chapter  18
39 Pages

Spatial Public Goods 1

WithYorgos Y Papageorgiou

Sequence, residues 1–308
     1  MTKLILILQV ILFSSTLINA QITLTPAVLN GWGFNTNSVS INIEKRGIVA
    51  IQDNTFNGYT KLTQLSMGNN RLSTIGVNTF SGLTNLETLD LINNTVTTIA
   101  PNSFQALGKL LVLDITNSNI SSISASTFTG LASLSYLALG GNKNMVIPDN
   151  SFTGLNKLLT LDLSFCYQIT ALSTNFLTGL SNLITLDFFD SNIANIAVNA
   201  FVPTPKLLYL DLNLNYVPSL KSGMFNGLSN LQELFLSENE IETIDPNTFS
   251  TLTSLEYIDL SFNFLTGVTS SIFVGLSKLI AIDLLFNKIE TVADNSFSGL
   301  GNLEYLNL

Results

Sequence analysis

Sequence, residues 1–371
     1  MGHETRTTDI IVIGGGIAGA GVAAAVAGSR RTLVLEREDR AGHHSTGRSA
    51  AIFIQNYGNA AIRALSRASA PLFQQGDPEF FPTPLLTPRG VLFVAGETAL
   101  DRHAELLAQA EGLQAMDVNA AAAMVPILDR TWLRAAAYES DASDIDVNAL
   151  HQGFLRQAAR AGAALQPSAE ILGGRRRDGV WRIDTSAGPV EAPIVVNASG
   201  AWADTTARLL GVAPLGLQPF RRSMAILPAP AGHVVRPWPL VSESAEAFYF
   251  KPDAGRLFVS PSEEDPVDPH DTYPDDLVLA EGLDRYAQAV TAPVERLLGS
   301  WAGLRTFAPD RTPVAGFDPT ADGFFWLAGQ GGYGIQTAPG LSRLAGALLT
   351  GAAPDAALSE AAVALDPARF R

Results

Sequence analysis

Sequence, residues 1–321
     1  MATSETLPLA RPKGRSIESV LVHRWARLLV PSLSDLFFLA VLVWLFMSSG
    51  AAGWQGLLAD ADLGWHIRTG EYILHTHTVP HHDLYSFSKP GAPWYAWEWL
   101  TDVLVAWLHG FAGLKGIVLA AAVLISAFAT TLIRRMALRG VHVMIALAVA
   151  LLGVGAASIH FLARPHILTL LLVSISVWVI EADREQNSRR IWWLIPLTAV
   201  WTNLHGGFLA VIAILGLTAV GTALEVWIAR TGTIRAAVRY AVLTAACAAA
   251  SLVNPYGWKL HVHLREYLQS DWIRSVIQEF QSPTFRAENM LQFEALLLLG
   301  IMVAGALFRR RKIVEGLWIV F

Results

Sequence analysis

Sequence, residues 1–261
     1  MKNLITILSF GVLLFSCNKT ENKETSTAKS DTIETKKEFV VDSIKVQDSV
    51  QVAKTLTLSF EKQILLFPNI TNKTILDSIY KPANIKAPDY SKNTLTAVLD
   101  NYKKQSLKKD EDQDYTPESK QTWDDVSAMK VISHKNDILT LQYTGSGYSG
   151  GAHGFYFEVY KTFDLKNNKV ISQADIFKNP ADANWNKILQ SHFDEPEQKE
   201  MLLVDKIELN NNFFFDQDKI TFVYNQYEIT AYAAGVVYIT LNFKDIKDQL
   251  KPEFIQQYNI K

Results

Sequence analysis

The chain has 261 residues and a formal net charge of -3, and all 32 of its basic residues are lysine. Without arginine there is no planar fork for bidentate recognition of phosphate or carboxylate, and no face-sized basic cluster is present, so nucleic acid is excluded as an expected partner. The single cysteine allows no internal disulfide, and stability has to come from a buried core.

Distance determines an explicitly spatial type of exclusion for the public good in one direction, and a corresponding type of rejection in the other. If spatial interaction remains uninhibited by distance, that is, if the friction of distance is zero then there is no spatial exclusion or rejection. Such spatial diffusion, in turn, operates in two directions. Firstly, for every residential location, it generates a composite of public goods accessible to the individual in the sense that they are close enough for some interaction. Secondly, for every public good location, it generates congestion by those individuals who are close enough for some interaction. In the "open" city case, increasing the level of the spatial public good will increase densities everywhere. In the "closed" city case, on the other hand, densities will increase around the centre and will decrease at the periphery. Although the city will probably contract, utility must increase.